Don’t Rely on Willpower
Don’t rely on your willpower to accomplish your tasks.
No matter how many articles you read about Elon Musk getting everything done before 3 AM or how you can write a book in a week if you just drink enough Bulletproof Coffee. Do not rely on your willpower to accomplish your goals.
It does not matter if you have the best self-efficacy of anybody you know and can take on almost any task, no matter how big. Do not rely on your willpower to accomplish your goals.
You may have the best system set up to get the highest-value items done in your day. You may schedule in time for deep-work. You may be well-versed in your own psychology and know your own shortcomings. Do not rely on your willpower to accomplish your goals.
Personal development literature that focuses on ways to increase your willpower get the psychology of achievement all wrong. Highly effective people rarely operate at a higher level than you or I because of their willpower.
These highly effective people may occasionally wake up earlier and they may be marginally better at checking their things off their to-do lists than the average person, but their willpower is not the thing that makes them highly effective. Having a strong sense of willpower is a secondary effect of being highly effective. As you get bigger and harder tasks done, it becomes easier to take on and complete bigger and harder tasks.
Willpower literature, on the other hand, focuses on ways you can get these bigger and harder things done without having you focus on getting smaller, harder things done first. The effect is a class of personal development consumers who know all about how to increase their willpower but do not apply it in becoming more effective people.
You do not need willpower to succeed. You need systems.
Willpower waxes and wanes. Effective willpower takes time to build, anyway. It’s better to view your willpower as an extra bonus on top of the basic systems that allow you to succeed even when your willpower fails.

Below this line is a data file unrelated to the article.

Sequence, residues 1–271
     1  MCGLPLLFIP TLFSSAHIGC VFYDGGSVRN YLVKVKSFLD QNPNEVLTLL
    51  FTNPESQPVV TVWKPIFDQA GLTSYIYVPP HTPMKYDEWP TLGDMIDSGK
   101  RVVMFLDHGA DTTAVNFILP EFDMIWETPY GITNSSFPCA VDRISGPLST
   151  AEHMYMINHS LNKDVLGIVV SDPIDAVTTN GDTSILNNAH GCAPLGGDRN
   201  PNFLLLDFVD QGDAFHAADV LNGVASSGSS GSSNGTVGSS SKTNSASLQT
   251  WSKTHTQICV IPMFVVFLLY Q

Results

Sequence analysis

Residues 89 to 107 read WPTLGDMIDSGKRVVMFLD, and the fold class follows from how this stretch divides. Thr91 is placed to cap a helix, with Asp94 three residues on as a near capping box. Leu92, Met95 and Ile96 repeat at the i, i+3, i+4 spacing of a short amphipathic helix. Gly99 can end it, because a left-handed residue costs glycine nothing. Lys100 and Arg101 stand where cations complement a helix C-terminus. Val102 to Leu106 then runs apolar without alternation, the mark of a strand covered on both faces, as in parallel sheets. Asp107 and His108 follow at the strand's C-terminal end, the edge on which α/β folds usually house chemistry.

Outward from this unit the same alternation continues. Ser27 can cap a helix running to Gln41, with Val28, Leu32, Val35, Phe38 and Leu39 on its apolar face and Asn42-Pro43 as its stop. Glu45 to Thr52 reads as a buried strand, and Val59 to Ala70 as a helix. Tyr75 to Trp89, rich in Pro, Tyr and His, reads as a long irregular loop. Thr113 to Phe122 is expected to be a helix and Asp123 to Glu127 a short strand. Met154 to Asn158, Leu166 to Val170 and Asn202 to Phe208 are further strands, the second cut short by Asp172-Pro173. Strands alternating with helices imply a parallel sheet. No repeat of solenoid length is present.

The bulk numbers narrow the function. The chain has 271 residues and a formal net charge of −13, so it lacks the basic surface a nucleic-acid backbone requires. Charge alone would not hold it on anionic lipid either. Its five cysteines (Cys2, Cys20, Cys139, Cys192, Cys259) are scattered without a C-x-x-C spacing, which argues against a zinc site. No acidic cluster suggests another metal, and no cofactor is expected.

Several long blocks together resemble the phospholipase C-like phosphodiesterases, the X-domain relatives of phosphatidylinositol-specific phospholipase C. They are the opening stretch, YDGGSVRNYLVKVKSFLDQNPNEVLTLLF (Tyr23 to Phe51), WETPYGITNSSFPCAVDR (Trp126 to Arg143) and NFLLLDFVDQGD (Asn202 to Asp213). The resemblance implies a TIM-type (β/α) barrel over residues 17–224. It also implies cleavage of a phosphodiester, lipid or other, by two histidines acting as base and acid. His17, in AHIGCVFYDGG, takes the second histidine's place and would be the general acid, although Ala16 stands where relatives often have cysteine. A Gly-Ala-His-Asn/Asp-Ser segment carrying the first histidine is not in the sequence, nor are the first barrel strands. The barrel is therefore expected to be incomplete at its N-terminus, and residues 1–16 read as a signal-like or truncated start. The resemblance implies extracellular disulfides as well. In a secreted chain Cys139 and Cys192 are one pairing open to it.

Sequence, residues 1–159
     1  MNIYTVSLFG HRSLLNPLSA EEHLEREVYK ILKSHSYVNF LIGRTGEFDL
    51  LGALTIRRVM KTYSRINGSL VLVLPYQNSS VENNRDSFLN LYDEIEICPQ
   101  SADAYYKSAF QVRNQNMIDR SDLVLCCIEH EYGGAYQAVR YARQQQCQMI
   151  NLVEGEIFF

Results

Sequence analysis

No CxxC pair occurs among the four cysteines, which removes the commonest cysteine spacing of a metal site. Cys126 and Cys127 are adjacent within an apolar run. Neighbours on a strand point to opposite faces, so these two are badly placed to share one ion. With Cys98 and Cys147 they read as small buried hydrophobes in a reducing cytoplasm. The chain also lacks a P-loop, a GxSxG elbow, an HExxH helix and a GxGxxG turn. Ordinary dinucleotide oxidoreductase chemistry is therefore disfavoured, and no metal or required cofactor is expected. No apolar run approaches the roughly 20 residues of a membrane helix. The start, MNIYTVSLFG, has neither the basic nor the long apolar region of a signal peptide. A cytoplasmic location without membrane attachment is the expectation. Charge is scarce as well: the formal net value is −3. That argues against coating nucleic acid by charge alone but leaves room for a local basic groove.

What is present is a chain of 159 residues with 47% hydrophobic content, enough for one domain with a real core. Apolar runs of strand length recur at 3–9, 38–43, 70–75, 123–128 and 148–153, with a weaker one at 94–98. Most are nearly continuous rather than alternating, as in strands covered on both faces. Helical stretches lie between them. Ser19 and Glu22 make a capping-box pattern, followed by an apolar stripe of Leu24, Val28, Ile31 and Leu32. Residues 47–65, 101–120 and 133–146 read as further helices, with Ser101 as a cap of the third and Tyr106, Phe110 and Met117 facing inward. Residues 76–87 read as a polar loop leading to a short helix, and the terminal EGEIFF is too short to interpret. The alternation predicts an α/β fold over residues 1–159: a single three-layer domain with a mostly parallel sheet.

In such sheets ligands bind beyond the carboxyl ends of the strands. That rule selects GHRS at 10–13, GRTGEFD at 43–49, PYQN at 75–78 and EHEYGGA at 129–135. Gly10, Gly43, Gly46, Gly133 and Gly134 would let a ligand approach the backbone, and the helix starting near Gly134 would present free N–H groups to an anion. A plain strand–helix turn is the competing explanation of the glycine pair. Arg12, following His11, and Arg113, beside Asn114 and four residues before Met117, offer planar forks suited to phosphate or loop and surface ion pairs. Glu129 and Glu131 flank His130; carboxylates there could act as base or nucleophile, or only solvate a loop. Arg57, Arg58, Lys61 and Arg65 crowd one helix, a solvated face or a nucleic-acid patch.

“Losers have goals. Winners have systems.” Scott Adams
Accountability systems leverage your own values against you to make sure that you show up and you perform. Expensive coaching, programs that donate to causes you dislike, and just announcing that you are going to do something to a peer group who will shame you if you fail to perform are all examples.
The important component here is that the accountability system works off of your values. Understand what motivates you (and what you want to avoid) to settle on the best system possible.
For example, you may be ashamed of the idea of looking like a flake. You value your pride and your ability to be a person who does what they say they are going to do. You find yourself frustrated by the types of people who say they are going to write a book, launch a business, or lose weight and never actually do that thing. They just talk about doing that thing.
You hold shame and pride in high esteem. To hold yourself accountable to goals, announce them publicly and make it clear that you will execute. Failure to do so relegates you to the class of no-shows and flakes, something you fear.
If you are frugal, put a heavy investment into a coach or a program that forces you to get out more than you put in.
If you care heavily about specific issues, use a program like stickk.com to donate to a cause you oppose if you fail to hit your goal. You may be devoutly anti-gun and set up your goal that if you do not perform, you donate $500 to the NRA, as an example.
This is why coaching systems work. Coaches are outside individuals who gauge our values, are trained to keep us accountable to them, and can use leverage on us when necessary. Professional coaches come at a cost, putting more skin in the game to motivate ourselves to perform and for the coaches to provide quality work.
Whatever you do, do not rely on your willpower to succeed. Set up systems to win.